One huge challenge this month, when the city is teeming with people including visitors, is the traffic as commuters have to endure hours of travel time which takes just a couple of minutes during ordinary days.
Although traffic building up is worsening by the day, this time it is compounded by the throng of people from other areas who want to witness and even join the festivities.
Compounding the problem is the erratic weather as what was witnessed by many over the weekend when venues of key events of the festival were flooded that resulted in commuters getting stranded.
Although there are plans that the city government is implementing to solve the traffic gridlock like the High Priority Bus System – it has initially set aside P100 million to start the project – organizers of the festival as well as similar events must rethink the way they hold events.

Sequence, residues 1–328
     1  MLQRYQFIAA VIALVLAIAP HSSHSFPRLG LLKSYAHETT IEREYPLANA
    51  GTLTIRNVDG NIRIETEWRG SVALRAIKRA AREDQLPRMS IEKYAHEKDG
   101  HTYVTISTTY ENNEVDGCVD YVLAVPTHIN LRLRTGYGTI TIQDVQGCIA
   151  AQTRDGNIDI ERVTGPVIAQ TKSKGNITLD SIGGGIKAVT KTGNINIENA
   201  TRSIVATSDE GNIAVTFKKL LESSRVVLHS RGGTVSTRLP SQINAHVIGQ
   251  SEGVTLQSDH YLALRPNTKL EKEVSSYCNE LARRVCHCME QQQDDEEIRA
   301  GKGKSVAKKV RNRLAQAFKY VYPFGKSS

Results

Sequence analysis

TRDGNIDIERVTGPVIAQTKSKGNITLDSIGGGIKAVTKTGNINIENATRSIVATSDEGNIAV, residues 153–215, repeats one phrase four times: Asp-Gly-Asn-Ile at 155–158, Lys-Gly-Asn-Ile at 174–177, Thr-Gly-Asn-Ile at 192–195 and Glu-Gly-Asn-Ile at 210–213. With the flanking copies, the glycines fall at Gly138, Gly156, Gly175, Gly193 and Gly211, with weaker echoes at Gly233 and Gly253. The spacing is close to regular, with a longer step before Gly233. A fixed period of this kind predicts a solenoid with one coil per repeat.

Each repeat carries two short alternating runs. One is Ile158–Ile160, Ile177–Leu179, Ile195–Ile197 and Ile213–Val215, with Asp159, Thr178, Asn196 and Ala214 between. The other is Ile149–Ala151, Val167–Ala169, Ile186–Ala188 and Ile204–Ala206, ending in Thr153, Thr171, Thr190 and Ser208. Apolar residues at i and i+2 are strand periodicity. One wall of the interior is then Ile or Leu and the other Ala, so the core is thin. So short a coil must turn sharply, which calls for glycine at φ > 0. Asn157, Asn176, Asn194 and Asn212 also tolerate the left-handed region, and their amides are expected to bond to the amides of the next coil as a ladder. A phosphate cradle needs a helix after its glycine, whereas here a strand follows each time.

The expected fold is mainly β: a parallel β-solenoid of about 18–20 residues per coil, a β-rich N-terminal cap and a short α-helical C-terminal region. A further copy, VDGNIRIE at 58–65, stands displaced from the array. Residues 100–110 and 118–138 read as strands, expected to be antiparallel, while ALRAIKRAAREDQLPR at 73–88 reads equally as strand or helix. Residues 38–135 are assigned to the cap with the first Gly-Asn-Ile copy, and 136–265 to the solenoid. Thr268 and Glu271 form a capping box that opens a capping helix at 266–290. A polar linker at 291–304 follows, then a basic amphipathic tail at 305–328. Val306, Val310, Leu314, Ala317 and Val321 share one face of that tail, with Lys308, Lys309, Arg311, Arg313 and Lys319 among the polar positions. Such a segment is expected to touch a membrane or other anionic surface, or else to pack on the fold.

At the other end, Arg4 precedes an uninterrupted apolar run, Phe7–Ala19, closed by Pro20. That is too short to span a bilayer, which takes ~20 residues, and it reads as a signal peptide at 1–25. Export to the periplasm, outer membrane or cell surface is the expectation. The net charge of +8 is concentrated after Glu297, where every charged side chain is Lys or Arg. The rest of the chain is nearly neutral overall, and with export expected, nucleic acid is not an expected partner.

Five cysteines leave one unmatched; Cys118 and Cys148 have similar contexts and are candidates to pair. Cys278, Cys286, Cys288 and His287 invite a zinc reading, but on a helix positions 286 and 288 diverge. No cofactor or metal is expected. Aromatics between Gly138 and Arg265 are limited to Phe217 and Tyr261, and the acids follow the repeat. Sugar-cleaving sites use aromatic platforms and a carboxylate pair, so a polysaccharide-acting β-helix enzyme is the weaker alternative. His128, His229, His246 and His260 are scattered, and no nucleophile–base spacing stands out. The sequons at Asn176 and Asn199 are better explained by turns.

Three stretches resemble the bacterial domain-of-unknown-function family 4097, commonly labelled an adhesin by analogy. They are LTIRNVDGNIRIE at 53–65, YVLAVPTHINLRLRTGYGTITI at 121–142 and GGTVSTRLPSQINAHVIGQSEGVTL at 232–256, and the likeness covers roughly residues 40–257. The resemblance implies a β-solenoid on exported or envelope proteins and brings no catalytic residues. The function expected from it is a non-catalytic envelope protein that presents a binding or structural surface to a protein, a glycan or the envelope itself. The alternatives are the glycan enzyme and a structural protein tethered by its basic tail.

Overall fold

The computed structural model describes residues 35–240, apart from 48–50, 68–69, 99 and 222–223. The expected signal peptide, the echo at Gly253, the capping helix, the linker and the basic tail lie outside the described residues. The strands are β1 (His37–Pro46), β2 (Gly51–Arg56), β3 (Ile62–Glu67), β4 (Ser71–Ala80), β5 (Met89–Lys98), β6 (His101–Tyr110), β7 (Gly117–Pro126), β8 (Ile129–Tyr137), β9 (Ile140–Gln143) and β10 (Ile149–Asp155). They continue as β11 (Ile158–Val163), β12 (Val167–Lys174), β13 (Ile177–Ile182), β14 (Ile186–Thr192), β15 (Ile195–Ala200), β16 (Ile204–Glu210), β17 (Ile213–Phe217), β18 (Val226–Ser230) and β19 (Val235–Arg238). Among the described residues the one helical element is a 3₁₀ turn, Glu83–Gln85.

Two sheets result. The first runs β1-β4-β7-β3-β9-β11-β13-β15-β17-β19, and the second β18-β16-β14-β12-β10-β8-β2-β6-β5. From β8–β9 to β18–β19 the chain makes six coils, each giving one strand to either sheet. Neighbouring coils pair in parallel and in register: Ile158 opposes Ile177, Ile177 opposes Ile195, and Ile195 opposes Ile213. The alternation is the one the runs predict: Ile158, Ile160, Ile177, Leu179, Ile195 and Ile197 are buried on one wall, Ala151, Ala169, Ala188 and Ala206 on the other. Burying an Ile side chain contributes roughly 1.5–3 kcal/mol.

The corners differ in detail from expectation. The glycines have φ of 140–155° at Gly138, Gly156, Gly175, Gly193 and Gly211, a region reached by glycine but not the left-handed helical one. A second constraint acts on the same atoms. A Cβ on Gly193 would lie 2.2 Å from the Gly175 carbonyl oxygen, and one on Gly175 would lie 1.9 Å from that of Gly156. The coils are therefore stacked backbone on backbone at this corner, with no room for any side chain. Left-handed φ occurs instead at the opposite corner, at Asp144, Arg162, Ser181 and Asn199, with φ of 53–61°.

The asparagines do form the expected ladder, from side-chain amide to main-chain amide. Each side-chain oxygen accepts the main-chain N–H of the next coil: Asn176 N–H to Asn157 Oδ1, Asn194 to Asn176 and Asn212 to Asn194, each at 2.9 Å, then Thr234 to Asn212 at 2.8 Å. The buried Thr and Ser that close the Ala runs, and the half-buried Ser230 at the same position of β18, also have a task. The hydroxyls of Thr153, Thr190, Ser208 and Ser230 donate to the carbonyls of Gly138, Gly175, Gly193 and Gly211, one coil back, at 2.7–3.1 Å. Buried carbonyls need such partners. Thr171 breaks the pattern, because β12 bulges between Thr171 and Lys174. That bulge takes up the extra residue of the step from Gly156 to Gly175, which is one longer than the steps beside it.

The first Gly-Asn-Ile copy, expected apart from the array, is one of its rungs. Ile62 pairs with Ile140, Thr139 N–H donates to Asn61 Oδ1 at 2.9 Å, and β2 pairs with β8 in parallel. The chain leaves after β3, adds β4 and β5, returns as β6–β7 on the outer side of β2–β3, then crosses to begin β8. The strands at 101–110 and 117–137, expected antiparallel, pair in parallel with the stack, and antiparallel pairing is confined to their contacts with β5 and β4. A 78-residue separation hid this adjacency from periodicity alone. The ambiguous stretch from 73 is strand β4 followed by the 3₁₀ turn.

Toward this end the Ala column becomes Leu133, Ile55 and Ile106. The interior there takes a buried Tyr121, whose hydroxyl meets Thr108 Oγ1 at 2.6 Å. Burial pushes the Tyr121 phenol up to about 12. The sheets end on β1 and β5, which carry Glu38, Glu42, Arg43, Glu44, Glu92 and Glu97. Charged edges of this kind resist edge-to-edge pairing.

One suggestion is for organizers to take advantage of new venues – the Davao City – University of the Philippines sports complex is one – and use these not only to ensure that events do not contribute to traffic, but also to avoid getting people who want to enjoy the events get frustrated because of the rains.
The very first step to do this is to put in place a very reliable and comprehensive transport system that will help the people go to the venues and come home without the hassles similar to what happened during the weekend.
Since the bus system has yet to take off, for a start, organizers can tap bus companies to temporarily service the routes.
This will not only make people get satisfied for spending their hard-earned money just so they can enjoy, this will also result in new economic areas that can be built slowly. And this idea will not empty the savings accounts of those organizing the events.